What do Dan Savage and AFTAH's Mike Heath have in common?

They both support Ron Paul.

In a Slate article out yesterday, gay activist Dan Savage (the inspiration behind the It Gets Better campaign), defended Ron Paul in comparison with social conservatives like Rick Santorum, saying:

“…Ron [Paul] may not like gay people, and may not want to hang out with us or use our toilets, but he’s content to leave us the fuck alone and recognizes that gay citizens are entitled to the same rights as all other citizens. Santorum, on the other hand, believes that his bigotry must be given the force of law. That’s an important difference.”

And then there is the chair of the board of the Americans for Truth About Homosexuality, Mike Heath. He is currently the Iowa State Director for Ron Paul’s campaign. Obviously, he too is a Ron Paul supporter but in his former positions, he has a record more in alignment with Rick Santorum than Ron Paul. Heath was lauded in an AFTAH article as being the only person in history to successfully turn back two state gay rights laws (in Maine in 1998 and 2001).

Maybe Heath has changed his views. Heath has not yet replied to my email asking what he thought of Savage’s characterization of Ron Paul’s views.

Having examined a sampling of Paul’s writings and looking at who is endorsing him in Iowa, I think Savage is only partly correct about Paul. I agree that Paul wants the federal government to leave gays alone. State government, however, is another matter. Paul criticized the Lawrence v. Texas Supreme Court decision because he believes the state has the right to make laws concerning sexuality.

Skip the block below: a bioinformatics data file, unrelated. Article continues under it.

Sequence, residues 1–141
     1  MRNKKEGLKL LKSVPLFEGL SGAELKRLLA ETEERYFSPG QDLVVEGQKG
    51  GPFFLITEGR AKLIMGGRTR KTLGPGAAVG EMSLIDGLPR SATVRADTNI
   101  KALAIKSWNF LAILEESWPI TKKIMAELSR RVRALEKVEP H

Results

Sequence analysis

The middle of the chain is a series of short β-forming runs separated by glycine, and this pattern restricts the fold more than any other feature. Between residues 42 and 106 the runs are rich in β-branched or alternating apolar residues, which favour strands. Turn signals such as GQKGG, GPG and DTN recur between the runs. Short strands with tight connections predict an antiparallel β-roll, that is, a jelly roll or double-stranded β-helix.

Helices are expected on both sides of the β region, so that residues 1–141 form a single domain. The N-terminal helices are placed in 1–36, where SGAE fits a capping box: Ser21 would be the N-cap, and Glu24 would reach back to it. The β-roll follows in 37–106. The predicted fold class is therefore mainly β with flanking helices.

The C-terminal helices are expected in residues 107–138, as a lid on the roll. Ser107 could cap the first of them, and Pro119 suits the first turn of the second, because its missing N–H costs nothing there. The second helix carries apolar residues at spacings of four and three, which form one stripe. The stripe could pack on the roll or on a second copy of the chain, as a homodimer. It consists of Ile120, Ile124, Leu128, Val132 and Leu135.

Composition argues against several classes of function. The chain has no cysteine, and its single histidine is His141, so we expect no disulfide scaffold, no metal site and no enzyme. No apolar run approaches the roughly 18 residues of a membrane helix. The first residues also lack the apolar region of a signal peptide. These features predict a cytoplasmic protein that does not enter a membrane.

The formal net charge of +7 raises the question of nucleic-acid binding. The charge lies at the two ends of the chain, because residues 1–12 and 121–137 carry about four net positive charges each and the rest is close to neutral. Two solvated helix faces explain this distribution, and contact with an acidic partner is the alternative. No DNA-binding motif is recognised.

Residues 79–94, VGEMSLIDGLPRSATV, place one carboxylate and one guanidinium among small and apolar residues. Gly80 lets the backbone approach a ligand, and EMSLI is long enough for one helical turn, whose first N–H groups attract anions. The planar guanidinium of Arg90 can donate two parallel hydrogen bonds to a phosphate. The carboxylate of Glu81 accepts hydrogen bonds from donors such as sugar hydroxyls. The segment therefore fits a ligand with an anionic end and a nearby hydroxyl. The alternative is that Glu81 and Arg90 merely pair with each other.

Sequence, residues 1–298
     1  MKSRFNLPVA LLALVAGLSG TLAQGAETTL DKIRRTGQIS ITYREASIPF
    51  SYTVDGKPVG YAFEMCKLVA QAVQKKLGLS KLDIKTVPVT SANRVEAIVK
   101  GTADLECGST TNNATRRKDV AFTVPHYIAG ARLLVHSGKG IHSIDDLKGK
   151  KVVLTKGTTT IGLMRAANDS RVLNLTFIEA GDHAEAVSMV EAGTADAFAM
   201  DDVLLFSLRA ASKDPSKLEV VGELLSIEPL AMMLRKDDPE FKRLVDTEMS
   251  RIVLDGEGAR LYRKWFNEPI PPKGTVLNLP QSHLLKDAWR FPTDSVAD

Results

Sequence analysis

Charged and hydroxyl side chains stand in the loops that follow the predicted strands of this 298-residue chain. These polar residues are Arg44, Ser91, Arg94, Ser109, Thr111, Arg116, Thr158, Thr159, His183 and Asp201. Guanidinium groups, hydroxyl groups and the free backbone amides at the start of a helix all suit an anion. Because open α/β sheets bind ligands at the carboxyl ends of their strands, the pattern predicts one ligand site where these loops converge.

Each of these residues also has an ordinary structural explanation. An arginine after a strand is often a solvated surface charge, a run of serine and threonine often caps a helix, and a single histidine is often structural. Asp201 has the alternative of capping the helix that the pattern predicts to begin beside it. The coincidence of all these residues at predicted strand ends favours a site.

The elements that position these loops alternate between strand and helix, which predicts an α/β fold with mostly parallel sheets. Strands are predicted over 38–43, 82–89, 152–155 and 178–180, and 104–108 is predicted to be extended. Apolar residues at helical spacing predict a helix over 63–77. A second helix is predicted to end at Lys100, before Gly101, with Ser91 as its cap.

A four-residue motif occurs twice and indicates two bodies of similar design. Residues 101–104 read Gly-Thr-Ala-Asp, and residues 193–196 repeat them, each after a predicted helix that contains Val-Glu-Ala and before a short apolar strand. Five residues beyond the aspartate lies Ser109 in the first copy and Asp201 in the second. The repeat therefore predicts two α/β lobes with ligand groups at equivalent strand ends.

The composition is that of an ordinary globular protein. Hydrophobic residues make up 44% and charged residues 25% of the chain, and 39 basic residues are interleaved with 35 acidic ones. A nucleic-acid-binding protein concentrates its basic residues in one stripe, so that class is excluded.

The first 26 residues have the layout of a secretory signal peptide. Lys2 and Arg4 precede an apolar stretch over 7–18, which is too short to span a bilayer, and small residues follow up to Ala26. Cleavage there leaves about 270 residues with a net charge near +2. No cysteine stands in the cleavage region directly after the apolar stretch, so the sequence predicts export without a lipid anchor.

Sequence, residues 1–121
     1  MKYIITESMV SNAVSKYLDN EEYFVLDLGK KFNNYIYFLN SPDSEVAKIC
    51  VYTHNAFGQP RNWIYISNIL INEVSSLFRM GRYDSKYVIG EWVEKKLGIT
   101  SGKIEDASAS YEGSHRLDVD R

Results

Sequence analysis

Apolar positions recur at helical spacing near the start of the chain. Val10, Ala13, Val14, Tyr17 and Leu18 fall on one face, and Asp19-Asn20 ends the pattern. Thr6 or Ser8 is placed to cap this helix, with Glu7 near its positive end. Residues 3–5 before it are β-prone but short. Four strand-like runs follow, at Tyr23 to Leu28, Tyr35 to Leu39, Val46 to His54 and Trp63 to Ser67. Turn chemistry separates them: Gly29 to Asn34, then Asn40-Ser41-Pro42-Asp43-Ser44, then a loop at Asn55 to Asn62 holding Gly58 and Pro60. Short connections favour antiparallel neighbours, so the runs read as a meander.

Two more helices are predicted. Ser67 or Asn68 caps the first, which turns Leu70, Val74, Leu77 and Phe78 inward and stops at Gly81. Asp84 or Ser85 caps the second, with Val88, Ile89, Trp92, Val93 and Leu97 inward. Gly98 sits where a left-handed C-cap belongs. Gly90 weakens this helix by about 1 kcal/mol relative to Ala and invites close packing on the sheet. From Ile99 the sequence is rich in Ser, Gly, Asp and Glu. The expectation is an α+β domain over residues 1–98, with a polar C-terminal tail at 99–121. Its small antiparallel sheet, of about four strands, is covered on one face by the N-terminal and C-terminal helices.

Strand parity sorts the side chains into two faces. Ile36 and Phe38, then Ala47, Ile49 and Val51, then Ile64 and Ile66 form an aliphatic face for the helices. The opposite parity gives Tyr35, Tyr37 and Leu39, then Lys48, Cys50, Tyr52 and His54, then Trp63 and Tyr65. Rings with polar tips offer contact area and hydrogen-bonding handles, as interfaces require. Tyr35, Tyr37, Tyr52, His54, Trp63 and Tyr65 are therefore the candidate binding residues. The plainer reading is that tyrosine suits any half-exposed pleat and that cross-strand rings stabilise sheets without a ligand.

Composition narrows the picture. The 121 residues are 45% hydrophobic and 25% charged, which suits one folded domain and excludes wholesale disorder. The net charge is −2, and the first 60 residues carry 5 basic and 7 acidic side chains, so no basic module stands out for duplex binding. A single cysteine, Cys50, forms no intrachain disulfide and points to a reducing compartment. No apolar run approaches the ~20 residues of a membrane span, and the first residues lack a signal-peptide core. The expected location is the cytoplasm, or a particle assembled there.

In Ron Paul’s version of the world, gays would be free from interference from Washington, DC, but if Iowa, or Texas, or South Carolina wanted to recriminalize homosexual behavior, then Paul would support their right to do so.

As it turns out, the strange bedfellows are not limited to those on the opposite ends of the culture war. If there is a candidate favored by Christian reconstructionists in the GOP field, it would have to be Ron Paul. Recently, Paul was endorsed by a prominent Christian Reconstructionist pastor in Iowa, an endorsement touted by Paul on his website.

More on why Paul is attractive to Christian reconstructionists will come in a post later today.


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  • Ron Paul wrote:

    Ridiculous as sodomy laws may be…

    I recall there was an awful lot of that going around after Lawrence v. Texas, when conservative pundits attacking the decision were careful to qualify their remarks by noting, “I personally think anti-sodomy laws are silly / absurd / nonsensical, BUT…”

    Sure, and when the Soviet Union sent dissidents packing off to Lubyanka prison, that was a laff-riot worthy of the Marx Brothers. And Chinese oppression of Christian house-churches is comedy gold!!

    I’m reminded that Ayn Rand (who, unlike Ron Paul, always denied being a “libertarian”) was known to be quite homophobic, and described homosexuality as “disgusting”. But she flatly asserted that anti-sodomy laws were an immoral use of state power, and not merely “silly.” (She was also squeamish about pornography, but said that government censorship of pr0n was “immoral,” too, and was emphatic about the point that state-level censorship was no less morally evil than the federal kind.)

    P.S. Paul wrote (as did many, many conservatives after Lawrence) that there’s no explicit mention of “privacy” or “sodomy” in the U.S. Constitution. This is true, but one might observe that there was nothing in the constitutions of the USSR or PRC to prohibit the State from infringing on freedom of speech or religion. Most libertarians would argue, however, that citizens of totalitarian countries nonetheless possess these rights, inalienably, by being human.

  • ken

    Paul’s article about Lawrence v. Texas leaves out quite a few important points however. Ex. the texas law wasn’t simply about sodomy, as it only applied to same-sex sodomy, not opposite sex sodomy. This was the primary point of Justice O’Connor’s concurring opinion. And the 14th Amendment does apply in that case. Paul cites the 9th and 10th Amendments to the Constitution, but seems to forget it isn’t just about rights given to the states but also the people